On Jan 24, 2018 from the Fordham University Gabelli School of Business.
What do sacred Christian texts have to do with business? For most people, probably not much.
For a Gabelli School senior, a theology course was the key to learning to listen.
This summer, Sahcha Pierre-Louis, BS ’18, will use that skill as she begins a full-time analyst role in the advisory and client services group at BlackRock.
Since becoming interested in finance, Pierre-Louis noticed that in business, people “always want to have the answer.” While attending theology class, however, she realized how beneficial it is to hear what others have to say. So she started finding opportunities to listen—to peers, professors, and alumni—whenever she could.
“It never hurts to say, ‘hey, do you want to get coffee?’” she shares.
Though she spoke to many people, Pierre-Louis says she found that as a member of a minority group, “within finance, it’s very hard to see yourself represented within the people that are there.”
When she discovered Jopwell, a hiring and recruitment platform that helps link underrepresented minority candidates with top companies, she saw there was a place for her. Using the platform, she secured two internships and also connected with BlackRock.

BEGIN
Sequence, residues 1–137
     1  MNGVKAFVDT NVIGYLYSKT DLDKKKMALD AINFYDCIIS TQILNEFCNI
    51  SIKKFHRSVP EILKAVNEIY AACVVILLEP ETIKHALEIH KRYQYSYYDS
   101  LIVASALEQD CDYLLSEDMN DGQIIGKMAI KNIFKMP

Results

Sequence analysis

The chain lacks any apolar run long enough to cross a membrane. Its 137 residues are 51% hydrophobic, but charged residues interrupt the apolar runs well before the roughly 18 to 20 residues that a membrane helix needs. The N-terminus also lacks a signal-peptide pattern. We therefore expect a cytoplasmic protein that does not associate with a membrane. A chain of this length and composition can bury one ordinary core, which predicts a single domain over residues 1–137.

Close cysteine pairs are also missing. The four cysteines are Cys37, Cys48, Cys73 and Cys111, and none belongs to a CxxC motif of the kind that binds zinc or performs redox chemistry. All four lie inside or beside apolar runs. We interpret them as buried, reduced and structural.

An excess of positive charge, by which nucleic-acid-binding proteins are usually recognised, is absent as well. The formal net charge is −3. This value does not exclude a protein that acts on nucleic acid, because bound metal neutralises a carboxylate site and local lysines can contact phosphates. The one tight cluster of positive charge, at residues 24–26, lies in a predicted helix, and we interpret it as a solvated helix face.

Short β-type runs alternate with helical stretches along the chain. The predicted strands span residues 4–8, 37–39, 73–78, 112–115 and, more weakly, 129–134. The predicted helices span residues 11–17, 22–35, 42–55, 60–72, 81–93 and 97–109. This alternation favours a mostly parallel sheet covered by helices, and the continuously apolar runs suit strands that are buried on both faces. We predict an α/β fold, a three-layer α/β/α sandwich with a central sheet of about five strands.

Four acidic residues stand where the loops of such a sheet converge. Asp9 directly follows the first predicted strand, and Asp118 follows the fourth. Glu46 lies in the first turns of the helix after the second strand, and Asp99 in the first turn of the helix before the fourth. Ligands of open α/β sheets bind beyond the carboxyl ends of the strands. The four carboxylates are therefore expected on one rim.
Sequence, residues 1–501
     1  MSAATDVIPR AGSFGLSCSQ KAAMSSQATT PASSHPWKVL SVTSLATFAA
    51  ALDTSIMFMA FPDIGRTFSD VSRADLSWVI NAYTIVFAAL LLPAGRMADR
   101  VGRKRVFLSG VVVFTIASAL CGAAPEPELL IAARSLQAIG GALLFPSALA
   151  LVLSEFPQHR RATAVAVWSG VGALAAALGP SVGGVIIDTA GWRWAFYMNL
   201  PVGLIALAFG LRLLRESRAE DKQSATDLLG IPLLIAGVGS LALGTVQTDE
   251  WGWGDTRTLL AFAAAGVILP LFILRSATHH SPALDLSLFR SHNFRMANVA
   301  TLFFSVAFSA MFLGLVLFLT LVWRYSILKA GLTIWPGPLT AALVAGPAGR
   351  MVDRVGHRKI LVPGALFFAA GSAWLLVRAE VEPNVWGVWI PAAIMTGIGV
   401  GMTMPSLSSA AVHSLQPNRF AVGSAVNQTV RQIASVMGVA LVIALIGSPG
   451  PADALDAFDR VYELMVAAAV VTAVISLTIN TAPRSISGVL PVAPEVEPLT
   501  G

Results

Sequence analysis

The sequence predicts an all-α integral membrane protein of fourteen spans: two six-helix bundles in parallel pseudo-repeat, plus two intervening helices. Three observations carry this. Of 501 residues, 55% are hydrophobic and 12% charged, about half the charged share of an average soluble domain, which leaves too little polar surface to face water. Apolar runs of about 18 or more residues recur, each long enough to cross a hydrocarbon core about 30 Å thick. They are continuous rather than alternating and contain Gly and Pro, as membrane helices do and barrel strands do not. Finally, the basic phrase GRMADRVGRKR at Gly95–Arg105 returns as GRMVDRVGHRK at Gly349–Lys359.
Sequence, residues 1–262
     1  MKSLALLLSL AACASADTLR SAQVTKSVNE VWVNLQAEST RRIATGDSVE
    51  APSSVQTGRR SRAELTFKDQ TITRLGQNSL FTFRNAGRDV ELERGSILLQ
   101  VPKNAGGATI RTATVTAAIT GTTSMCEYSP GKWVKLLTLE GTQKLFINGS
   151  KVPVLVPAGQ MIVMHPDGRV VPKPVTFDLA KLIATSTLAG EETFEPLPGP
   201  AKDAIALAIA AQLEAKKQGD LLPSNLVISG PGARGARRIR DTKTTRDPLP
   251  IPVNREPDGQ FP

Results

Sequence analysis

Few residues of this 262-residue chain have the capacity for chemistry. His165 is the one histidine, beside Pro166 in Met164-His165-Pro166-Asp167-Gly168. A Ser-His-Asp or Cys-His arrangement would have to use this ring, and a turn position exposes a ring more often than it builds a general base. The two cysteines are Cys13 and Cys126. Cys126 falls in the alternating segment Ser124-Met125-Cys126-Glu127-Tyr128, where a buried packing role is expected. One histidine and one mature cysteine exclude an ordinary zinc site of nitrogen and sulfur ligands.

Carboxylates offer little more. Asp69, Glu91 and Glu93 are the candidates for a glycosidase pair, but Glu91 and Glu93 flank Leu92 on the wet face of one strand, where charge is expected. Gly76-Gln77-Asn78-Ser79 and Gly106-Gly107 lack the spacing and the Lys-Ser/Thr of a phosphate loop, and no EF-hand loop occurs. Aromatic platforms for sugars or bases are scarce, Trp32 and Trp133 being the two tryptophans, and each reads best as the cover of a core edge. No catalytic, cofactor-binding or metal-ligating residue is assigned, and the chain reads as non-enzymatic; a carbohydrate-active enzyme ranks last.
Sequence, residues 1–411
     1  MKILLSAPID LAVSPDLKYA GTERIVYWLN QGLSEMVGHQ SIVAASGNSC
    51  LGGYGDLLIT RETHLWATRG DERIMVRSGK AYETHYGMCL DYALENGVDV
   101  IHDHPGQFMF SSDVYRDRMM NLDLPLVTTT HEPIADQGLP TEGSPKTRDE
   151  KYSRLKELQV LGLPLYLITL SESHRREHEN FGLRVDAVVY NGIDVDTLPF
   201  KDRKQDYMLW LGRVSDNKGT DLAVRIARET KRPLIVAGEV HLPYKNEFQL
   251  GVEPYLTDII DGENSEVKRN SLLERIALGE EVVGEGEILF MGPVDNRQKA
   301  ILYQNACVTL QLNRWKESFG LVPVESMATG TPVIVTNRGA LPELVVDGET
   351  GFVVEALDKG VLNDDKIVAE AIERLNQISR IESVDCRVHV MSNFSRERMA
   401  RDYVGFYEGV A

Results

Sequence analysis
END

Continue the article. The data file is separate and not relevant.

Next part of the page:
During the interview process, Pierre-Louis says she got a sense that the executives with whom she spoke valued her identity.
What also stood out was BlackRock’s dedication to corporate social responsibility, or CSR.
“Usually you tend to hear about CSR and innovation as very siloed things in business operations,” Pierre-Louis says. But “we’re starting to see all types of businesses and industries incorporating it in everyday work.”
Forging a path for herself in emerging areas is familiar to Pierre-Louis, having been one of two Lincoln Center-based Compass fellows, now called Social Impact 360, in her freshman year. That’s where she first learned about corporate innovation and intrapreneurship, concepts that kept her motivated throughout her time at Fordham.
In her new position, Pierre-Louis will be working with investors and clients, and, as she puts it, “putting clients first,” which often can lead to consulting roles within financial services.
For now, though, she is looking forward to simply absorbing as much as she can.
She recalls the advice that her Lincoln Center academic advisor, Vincent DeCola, SJ, often gives: “Half of the work is showing up.”
Pierre-Louis is determined to continue showing up. And to get coffee with as many people as possible.